“They can act or automate actions to reduce wait times. They can also more easily manage all vehicles at a particular location. For example, they can precool all the refrigeration units in their yard each morning for on-time loading. They can see what alarms have been issued for any unit in their yard so that they can prioritize which vehicles are ready to load and which need service. They can notify customers that their deliveries are arriving or have arrived,” said Dominic Hand, VP, IT & connected products for Thermo King.
With these improvements, fleets will have more control over precisely when they take action or notify their:
- Distribution centers.
“This will result in less waiting for drivers, improved productivity in distribution centers, and less downtime at service centers,” Jaberi said.
Thermo King’s geofencing capabilities are performed using GPS satellite sensors, onboard computers that constantly compare the location of vehicles with all the geofences configured by a fleet, and a cloud-based platform that triggers automation or notifications when units enter or exit a geofence.
“This platform can also be integrated with a fleet’s other systems to provide even more automation and coordination,” Walters said.
Following the Trends
As fleet management technology evolves, trends or challenges often prompt new focus on enhancing capabilities.
“When freight rates are low, only the most efficient fleets are profitable enough to survive and thrive. When freight rates are high, efficiency enables fleets to maximize utilization of their drivers and assets to keep up with customer demand and thrive even more,” Hand shared. “Successful fleets are seeing that a relatively easy way to increase efficiency is to automate communications and other common activities so that their people can spend less time on routine activities and more time improving their operations.”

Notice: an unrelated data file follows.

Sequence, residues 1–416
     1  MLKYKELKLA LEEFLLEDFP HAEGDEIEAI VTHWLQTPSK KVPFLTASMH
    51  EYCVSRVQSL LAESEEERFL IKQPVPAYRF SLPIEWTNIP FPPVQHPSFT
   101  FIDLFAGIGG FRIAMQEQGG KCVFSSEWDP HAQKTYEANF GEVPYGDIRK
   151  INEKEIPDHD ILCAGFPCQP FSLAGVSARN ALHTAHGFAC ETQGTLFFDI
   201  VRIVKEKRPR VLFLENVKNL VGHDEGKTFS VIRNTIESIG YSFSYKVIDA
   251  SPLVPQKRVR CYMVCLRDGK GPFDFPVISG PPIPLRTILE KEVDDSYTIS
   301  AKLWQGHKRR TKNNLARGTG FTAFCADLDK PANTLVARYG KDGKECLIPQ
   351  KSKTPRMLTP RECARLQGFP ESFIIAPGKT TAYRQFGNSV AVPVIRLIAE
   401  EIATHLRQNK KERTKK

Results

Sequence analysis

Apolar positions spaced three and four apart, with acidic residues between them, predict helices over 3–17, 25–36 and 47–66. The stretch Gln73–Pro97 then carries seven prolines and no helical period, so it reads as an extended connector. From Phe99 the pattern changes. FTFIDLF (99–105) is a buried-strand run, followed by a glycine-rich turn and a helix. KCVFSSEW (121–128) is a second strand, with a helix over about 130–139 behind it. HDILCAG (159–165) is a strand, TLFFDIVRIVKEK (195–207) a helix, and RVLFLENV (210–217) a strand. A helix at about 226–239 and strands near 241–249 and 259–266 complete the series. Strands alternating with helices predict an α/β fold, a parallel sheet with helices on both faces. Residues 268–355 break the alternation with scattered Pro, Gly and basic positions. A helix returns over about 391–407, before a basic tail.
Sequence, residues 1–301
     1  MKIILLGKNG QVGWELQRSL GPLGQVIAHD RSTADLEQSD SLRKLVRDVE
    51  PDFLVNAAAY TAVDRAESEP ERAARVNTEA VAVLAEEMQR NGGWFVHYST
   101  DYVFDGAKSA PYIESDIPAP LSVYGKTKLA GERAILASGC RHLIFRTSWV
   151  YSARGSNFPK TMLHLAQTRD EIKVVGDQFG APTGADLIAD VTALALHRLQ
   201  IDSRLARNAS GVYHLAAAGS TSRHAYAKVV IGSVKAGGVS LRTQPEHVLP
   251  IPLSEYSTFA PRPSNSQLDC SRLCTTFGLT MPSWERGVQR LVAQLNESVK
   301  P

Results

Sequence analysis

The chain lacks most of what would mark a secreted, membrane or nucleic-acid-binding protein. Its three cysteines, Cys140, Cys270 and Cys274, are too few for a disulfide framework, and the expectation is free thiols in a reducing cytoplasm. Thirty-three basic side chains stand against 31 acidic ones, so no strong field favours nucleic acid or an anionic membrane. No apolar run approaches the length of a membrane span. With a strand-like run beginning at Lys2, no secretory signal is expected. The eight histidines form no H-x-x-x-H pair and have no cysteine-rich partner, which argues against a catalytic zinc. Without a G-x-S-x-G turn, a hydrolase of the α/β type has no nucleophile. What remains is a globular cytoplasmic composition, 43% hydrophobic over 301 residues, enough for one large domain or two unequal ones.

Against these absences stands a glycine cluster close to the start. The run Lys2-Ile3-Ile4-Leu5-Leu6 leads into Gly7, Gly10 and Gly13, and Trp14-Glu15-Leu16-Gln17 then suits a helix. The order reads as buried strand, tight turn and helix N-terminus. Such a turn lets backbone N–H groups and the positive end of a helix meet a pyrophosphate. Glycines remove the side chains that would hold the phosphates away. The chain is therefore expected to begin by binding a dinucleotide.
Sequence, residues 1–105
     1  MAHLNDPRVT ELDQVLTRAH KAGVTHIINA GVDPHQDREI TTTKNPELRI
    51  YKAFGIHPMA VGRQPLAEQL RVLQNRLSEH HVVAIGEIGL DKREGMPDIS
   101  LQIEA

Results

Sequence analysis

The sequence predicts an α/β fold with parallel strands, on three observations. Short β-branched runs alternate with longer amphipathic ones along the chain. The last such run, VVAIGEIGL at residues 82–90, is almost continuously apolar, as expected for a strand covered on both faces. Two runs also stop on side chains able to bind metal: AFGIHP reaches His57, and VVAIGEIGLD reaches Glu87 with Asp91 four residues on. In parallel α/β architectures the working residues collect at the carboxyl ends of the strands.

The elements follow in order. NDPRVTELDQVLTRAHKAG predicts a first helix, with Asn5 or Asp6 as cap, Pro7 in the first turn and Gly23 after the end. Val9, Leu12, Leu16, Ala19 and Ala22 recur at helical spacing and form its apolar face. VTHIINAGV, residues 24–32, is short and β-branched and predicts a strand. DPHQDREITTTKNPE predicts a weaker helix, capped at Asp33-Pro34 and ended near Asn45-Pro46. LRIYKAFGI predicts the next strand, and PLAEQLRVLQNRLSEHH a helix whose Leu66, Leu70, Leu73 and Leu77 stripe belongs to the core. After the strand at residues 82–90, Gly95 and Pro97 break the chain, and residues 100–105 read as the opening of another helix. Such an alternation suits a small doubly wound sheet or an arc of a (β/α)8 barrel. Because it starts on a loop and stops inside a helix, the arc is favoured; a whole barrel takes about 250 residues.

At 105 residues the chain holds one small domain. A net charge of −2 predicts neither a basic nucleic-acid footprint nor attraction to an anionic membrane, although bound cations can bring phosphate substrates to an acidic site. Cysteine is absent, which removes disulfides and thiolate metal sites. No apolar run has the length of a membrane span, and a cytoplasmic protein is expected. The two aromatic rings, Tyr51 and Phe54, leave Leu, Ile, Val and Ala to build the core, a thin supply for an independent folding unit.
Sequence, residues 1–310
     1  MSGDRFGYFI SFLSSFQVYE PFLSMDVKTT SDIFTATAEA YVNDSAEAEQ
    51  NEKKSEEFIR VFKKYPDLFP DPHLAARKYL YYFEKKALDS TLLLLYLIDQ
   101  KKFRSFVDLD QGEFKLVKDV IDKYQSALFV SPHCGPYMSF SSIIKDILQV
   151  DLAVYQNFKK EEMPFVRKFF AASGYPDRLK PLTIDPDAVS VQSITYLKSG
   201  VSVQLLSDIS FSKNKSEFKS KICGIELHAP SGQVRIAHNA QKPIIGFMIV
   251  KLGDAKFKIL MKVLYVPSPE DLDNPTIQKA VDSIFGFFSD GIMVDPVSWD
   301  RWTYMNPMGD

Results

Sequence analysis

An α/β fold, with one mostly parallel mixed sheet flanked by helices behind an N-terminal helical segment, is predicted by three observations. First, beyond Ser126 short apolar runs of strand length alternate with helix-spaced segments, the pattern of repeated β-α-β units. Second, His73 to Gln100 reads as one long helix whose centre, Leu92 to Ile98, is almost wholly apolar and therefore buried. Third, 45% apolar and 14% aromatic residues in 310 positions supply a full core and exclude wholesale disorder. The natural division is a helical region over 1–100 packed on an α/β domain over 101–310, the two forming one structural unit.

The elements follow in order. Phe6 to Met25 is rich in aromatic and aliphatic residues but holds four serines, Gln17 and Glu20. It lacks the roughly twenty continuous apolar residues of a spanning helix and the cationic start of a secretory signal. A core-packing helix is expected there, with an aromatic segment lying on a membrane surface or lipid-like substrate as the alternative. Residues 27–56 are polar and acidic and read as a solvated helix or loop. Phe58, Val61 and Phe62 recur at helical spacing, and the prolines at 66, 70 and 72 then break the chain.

Geofencing gives fleets, which are constantly on the move, the ability to tie the location or destination of their assets to the actions that need to be performed next, reducing wait time and operating costs, increasing utilization of their assets, and making them more profitable.
“As fleets start to electrify their assets, this will become even more essential since efficiency will be the key to achieving sufficient range with electric vehicles,” Hand added.
But Wait, There’s More!
Today, there are additional use cases beyond the transport refrigeration space.
“For example, when a pick-up or delivery is made, fleets typically allow a certain amount of free time to load or unload freight. That time can often vary depending on the customer or shipper/receiver. After the free time, trucking companies charge anywhere from $50-150 per hour of detention pay. Often, it is difficult for a trucking company to prove they have arrived on time and are actively waiting to be loaded or unloaded. Our telematics geofences can serve as virtual in and out times for shippers and receivers,” Jaberi added.
Geofencing is revolutionizing fleet management by providing precise location tracking and automation. Fleet managers can leverage this technology to optimize delivery processes, save time with bulk geofencing, and enhance real-time monitoring.
Moreover, geofencing aligns with evolving trends in fleet management, particularly as fleets transition to electric vehicles where efficiency is paramount. Beyond its primary use in refrigeration, geofencing offers valuable applications, helping fleets track pick-up and delivery times and improve overall documentation.
It's a technology that empowers fleet managers to streamline operations, reduce costs, and enhance safety, making it an invaluable asset in the dynamic world of fleet management.